These images from the archives of the West Midlands Police Museum are late 19th and early 20th-century ‘lock-up mugshots’ which show style-conscious criminals staring down the camera. Such men left a lasting folk memory in Birmingham, which writer Steven Knight drew upon when he created Peaky Blinders.
Contrary to the myth that grew in later decades, writes historian Andrew Davies for BBC History Magazine, gang members did not wear caps lined with razors. They wore ‘billycock’ or bowler-style hats, made of hard felt, with a rakish, curved rim, two-and-a-half inches wide. The brims of their hats would be moulded into a point and worn tilted over one eye.
Peaky Blinders could also be distinguished by wearing extravagant flared trousers known as bell-bottoms, traditionally part of a naval uniform. Andrew Davies told the History Extra podcast how gang members would wear flares that were very wide, and also hob-nailed boots which would make “quite a racket” as they moved in large groups around the city.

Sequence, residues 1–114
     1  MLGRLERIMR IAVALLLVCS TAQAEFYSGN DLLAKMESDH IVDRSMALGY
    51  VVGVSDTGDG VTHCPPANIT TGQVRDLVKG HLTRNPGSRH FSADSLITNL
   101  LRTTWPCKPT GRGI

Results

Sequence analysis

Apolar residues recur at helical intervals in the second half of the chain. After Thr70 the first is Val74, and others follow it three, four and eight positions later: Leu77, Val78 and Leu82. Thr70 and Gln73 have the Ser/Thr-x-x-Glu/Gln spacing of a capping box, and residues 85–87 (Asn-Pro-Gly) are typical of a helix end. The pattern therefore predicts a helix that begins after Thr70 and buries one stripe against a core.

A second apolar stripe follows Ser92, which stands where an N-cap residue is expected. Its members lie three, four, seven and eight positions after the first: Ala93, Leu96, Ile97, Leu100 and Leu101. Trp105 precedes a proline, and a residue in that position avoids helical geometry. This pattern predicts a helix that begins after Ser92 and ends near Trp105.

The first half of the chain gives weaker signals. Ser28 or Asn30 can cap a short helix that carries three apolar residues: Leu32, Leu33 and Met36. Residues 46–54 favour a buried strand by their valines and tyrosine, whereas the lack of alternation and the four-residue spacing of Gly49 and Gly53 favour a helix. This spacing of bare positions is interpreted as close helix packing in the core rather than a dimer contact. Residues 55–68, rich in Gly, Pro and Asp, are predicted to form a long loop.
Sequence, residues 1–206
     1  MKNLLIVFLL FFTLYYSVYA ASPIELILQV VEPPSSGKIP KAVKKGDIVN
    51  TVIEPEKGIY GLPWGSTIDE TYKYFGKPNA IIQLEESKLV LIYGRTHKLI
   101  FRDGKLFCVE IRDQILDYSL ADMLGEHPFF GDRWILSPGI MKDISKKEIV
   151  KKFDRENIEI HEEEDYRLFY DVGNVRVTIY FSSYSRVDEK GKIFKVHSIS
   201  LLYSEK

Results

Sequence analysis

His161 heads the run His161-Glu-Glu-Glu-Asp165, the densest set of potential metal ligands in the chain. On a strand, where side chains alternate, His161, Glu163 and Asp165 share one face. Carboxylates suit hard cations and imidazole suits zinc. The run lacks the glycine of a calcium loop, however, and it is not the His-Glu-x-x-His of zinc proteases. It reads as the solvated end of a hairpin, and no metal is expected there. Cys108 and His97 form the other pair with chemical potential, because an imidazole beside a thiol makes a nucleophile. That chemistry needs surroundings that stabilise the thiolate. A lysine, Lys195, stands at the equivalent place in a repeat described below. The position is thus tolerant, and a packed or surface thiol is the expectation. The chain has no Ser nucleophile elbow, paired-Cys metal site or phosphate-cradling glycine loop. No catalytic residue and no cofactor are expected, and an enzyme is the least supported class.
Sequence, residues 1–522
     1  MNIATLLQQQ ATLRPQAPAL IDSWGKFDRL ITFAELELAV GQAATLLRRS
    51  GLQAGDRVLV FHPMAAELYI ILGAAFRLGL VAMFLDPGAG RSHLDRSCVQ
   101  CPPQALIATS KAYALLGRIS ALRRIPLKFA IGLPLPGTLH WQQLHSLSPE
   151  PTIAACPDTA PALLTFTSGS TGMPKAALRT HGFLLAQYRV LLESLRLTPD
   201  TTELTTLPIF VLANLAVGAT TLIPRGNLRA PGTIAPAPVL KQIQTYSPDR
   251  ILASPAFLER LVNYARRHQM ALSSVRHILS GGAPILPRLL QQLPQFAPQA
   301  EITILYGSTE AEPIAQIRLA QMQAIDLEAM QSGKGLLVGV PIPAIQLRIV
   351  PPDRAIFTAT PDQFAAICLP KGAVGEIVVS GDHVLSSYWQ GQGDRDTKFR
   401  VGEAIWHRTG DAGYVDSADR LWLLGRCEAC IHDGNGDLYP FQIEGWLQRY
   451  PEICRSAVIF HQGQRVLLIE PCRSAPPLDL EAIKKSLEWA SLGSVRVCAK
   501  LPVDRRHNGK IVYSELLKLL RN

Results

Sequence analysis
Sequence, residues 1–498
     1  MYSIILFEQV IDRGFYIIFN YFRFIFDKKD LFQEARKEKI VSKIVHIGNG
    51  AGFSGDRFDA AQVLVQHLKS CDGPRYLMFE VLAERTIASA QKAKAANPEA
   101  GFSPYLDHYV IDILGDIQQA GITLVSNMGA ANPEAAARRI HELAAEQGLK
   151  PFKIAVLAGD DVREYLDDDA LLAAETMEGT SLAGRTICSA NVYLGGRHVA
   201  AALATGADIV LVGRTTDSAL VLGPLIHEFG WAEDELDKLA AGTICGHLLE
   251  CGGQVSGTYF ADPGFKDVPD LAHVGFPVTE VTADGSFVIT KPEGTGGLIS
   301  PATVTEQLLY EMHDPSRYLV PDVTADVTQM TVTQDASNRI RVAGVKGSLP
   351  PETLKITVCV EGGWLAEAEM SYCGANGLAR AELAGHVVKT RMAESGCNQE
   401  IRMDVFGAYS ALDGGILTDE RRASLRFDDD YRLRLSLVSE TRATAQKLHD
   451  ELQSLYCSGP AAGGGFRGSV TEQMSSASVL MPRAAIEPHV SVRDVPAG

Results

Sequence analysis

They would also wear brightly coloured and patterned scarves. These were all features of a distinctive uniform which marked the young person wearing it as a gang member, Davies says.
“Had a youth dressed as a peaky blinder made an appearance in Birmingham in the 1920s he would have been greeted with astonishment,” writes Davies, “although middle-aged passers-by might have chuckled in recognition.”
It wasn’t just in Birmingham that image-conscious young men turned to gangland life, as this photograph below of a hooligan and friends in the capital from c1900 shows.
Read more from historian Andrew Davies on the real history of the Peaky Blinders, and listen to our Peaky Blinders podcast episode. You can also read more about the Billy Boys, the Glasgow gang which features in the latest series.
Andrew Davies is the author of City of Gangs: Glasgow and the Rise of the British Gangster (Hodder & Stoughton, 2014).